Iowa Interstate Railroad to begin $20 million track rehabilitation
After 21 years of struggling to meet its basic track maintenance needs, Iowa Interstate Railroad Ltd. has gotten the equivalent of a home-equity loan from the federal government to upgrade its entire system.
The Cedar Rapids-based railroad plans to begin a two-year system-wide renovation of its tracks on July 15, using funds from a $32 million federal loan approved earlier this month. The upgrade will allow Iowa Interstate, whose tracks run through downtown Des Moines, to haul heavier loads per car to better meet shippers’ demands, said Dennis Miller, the railroad’s president and CEO.
“With (gasoline) prices increasing, our business has been increasing,” Miller said. “So we’re gearing up for the long haul.”
Last week, the Iowa Railway Finance Authority board approved a partial release of the mortgages it holds on Iowa Interstate property through the state, which clears the way for the railroad to receive the federal loan. Iowa Interstate owes the state agency approximately $2.7 million on its original loan of about $30 million, which it expects to pay off with the proceeds from the federal loan.
The planned upgrades do not address any of the discussions Des Moines officials have had regarding whether “quiet zones” should be established along downtown crossings. City officials plan to meet with Iowa Interstate representatives within the next few weeks to discuss that potential project, which has an estimated $3.55 million price tag.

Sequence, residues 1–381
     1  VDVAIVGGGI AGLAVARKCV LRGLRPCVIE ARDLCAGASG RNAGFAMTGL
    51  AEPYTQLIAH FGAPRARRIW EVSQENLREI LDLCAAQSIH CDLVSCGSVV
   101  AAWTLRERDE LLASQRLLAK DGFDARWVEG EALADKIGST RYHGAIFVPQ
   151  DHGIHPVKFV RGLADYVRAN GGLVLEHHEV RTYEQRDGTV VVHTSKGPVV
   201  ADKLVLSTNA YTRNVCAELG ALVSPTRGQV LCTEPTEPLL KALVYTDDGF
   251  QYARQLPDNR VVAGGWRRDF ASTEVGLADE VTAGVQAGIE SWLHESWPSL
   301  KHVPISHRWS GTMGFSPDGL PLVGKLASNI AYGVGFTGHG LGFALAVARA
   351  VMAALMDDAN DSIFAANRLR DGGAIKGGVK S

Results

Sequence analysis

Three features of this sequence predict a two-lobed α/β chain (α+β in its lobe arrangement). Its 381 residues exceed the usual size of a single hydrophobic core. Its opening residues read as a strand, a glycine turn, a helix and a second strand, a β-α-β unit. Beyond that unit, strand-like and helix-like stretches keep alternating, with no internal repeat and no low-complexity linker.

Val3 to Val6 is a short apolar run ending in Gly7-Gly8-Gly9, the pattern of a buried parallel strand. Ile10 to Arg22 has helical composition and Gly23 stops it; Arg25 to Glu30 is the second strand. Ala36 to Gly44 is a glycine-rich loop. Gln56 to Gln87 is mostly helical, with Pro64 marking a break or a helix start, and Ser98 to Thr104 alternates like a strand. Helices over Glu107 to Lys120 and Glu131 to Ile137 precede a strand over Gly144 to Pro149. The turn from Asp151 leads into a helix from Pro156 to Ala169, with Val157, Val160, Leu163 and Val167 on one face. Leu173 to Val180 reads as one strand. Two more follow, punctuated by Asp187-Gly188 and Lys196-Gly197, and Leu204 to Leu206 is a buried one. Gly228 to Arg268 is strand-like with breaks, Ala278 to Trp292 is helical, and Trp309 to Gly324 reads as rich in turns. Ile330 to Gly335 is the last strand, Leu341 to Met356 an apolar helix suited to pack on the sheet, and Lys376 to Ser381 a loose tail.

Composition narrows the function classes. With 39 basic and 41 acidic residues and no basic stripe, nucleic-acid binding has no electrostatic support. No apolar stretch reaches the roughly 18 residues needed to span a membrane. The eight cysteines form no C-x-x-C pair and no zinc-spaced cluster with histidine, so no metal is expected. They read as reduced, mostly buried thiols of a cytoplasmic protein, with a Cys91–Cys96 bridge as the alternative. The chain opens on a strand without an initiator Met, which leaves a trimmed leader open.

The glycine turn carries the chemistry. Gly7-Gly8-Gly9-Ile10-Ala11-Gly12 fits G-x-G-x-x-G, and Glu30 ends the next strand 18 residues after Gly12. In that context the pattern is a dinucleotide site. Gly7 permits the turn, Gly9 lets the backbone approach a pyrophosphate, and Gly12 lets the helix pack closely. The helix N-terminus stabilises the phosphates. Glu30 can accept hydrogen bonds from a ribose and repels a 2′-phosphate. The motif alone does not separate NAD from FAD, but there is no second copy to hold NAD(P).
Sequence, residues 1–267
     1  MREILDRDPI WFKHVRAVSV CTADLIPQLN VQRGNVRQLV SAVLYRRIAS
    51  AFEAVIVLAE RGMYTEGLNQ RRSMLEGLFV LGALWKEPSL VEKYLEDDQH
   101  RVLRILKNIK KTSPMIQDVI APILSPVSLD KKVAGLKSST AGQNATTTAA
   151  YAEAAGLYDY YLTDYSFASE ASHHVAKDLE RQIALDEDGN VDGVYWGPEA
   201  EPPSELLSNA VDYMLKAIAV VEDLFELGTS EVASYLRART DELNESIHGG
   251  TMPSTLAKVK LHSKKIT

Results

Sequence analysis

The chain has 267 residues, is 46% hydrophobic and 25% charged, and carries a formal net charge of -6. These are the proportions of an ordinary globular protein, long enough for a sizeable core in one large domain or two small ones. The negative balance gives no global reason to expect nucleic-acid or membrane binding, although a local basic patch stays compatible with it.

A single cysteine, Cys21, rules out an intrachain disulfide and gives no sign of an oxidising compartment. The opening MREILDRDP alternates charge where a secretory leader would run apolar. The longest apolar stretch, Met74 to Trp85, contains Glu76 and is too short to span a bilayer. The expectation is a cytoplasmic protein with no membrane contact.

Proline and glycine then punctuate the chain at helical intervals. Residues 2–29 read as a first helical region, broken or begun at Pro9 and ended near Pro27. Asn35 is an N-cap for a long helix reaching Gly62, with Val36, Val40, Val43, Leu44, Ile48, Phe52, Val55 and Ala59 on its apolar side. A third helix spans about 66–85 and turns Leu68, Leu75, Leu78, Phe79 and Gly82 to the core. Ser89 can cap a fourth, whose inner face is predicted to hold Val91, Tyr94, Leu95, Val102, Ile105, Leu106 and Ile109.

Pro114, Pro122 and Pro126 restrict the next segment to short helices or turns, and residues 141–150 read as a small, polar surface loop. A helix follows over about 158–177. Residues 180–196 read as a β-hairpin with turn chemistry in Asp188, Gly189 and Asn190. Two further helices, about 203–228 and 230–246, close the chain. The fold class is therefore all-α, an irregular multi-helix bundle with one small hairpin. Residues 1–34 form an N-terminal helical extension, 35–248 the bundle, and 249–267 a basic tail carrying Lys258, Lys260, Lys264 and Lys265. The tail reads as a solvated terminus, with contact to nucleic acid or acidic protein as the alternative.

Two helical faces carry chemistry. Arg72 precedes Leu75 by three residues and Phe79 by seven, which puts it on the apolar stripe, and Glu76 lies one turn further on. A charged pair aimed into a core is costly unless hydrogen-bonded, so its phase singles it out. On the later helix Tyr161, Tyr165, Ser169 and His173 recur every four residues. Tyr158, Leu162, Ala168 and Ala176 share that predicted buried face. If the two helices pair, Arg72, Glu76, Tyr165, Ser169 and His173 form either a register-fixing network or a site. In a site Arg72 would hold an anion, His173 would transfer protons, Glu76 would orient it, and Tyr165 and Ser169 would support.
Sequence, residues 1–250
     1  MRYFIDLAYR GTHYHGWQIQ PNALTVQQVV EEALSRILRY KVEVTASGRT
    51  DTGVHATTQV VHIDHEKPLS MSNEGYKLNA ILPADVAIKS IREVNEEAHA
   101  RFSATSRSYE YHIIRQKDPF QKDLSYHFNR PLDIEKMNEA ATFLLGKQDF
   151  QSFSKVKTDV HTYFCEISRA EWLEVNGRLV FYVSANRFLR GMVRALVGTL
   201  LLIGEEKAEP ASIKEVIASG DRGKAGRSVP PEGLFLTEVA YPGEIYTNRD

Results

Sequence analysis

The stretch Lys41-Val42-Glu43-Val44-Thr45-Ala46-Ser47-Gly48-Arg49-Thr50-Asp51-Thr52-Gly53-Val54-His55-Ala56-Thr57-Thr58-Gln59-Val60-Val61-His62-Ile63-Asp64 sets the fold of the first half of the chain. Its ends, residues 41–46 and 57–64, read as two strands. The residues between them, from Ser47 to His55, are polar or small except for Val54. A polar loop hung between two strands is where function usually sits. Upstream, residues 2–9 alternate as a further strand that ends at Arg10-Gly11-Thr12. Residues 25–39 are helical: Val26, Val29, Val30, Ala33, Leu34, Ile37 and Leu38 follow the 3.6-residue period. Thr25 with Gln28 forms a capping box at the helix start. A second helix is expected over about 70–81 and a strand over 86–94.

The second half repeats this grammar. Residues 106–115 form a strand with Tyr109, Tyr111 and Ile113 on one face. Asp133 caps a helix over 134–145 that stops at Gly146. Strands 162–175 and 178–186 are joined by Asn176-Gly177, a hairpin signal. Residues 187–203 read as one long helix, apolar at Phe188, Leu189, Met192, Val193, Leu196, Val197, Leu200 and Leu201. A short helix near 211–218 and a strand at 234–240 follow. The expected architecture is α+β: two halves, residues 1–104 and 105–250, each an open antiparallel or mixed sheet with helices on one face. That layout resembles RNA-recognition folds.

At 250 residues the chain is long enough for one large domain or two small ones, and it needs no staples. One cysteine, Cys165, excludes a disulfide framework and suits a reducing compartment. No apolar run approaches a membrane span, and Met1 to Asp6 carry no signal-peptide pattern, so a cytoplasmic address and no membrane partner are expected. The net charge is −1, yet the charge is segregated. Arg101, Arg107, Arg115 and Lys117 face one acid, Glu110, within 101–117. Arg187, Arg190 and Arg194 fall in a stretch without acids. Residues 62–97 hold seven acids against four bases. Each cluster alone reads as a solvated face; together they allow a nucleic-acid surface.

Owned by Pittsburgh-based Railroad Development Corp., Iowa Interstate operates on more than 500 miles of track connecting Omaha and Chicago on the former Chicago, Rock Island and Pacific mainline, as well as a branch line in Illinois from Bureau to Peoria. Last year Iowa Interstate reported revenues of approximately $36 million.
Miller said normal freight service will continue throughout the two-year project. Traffic may be rerouted some crossings as those are rebuilt, he said. Though the project will include the construction of a few additional sidings, the major focus will be preventive maintenance, he said.
“The end result is we’ll be able to haul 286,000-pound loads rather than 263,000-pound loads,” Miller said. “Most of the cars being constructed today are the heavier cars, coal trains, for instance, and a lot of the unit shuttle grain trains, so it’s a demand from the customers, too. And if other railroads desire to use our track, we wouldn’t be constrained.”